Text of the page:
Russia invasion of Ukraine could spark food price rises
Vladimir Putin’s invasion of Ukraine is expected to cause inflation and the cost of living to rise in the UK, as commodity prices are affected.
While less than 5% of the UK’s gas comes from Russia, the rest of Europe is more reliant on Russian gas, which comes through Ukraine. If its pipelines are cut off competition for gas could cause a knock-on effect for UK supplies.
Samuel Tombs, chief UK economist at Pantheon Macroeconomics forecaster, said if the surge in oil, natural gas and electricity prices is sustained there could be an extra 1.5 percentage points boost to the UK’s consumer price inflation.
“CPI inflation is now likely to peak at around 8.2% in April and only come down to 6.5% by the end of the year. It’s hard to see how households’ real spending keeps rising,” he said.
A rise in gas prices could also push up the price of packaging, transport, manufacturing and processing costs as they all rely on oil and gas.
UK food prices could also see an almost immediate hike as Ukraine and Russia export much of the world’s grain – and most of their ports have been shut down.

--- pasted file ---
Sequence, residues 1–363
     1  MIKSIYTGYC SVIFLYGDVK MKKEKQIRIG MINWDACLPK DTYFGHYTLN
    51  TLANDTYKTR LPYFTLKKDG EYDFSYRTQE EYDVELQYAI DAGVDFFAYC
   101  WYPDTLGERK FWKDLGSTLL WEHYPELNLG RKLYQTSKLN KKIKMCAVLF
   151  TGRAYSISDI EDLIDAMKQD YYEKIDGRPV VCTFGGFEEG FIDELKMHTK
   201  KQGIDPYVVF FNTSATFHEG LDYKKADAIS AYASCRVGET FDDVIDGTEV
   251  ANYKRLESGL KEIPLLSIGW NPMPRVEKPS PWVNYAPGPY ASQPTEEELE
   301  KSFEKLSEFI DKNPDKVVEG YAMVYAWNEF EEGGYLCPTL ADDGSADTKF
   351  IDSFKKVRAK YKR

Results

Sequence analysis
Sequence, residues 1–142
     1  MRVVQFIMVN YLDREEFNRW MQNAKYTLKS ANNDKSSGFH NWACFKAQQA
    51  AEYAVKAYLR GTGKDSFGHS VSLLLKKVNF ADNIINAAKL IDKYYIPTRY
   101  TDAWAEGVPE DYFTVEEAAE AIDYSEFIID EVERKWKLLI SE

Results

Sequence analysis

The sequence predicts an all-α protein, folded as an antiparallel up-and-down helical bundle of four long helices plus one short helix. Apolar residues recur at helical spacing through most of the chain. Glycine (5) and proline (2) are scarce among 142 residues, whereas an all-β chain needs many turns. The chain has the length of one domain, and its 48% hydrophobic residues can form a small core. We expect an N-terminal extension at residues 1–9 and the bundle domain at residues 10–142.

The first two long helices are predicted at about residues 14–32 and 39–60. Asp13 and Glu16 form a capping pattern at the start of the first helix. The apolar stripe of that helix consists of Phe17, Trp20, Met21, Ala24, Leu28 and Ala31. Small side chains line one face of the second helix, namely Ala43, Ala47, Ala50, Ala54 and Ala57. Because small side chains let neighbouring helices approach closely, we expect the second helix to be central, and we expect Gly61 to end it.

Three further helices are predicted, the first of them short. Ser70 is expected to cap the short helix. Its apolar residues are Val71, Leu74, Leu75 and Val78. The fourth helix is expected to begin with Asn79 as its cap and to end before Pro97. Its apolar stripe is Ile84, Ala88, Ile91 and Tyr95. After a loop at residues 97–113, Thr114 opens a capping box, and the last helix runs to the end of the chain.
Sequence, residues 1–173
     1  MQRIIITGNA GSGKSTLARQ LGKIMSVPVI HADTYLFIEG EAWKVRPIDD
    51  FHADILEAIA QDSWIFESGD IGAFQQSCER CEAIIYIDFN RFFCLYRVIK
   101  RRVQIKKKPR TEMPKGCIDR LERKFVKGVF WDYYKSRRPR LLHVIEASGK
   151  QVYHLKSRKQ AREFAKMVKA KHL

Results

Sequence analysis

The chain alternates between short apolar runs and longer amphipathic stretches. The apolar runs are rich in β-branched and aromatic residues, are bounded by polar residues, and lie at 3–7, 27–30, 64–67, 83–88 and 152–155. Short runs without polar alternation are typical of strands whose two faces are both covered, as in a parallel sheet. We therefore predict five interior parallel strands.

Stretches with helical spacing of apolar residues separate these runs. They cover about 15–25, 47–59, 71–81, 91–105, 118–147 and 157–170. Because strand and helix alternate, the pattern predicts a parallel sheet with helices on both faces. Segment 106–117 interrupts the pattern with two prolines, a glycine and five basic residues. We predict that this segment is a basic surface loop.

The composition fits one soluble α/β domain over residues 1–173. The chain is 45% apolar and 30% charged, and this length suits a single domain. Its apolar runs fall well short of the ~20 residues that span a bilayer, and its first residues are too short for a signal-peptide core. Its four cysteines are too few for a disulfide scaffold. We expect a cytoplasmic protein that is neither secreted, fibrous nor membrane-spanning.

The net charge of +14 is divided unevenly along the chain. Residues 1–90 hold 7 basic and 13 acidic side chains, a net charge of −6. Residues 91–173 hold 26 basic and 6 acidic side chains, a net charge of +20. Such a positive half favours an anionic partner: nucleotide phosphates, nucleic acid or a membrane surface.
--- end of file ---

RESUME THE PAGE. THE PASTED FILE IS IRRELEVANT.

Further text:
Russia, the world’s largest wheat exporter, has put all ships on “stop” in the Azov Sea, where most grain is shipped from, a grain industry source said.
Wheat and soybeans hit their highest prices since 2012 in the hours after Russia invaded, while corn jumped to an eight-month peak.
The two countries were due to account for 29% of global wheat exports, 19% of world corn supplies and 80% of world sunflower oil exports this year.
Wheat prices went up £15 a tonne in the hours after Russia invaded and are likely to increase even further to possible record highs.
This will put up the price of flour and bread, as well as meat, dairy and eggs because wheat and corn used for animal feed have also increased.
With all the hits Russia and Ukraine will be taking on commodities and trade, it is likely inflation will remain higher for longer than previously expected.
Capital Economics now expects inflation in advanced economies, such as the UK, to still be at an average of 4% by December – twice the level of the Bank of England’s target rate.
That raises the risk central banks will have to raise interest rates further to keep inflation at bay – which will impact global growth.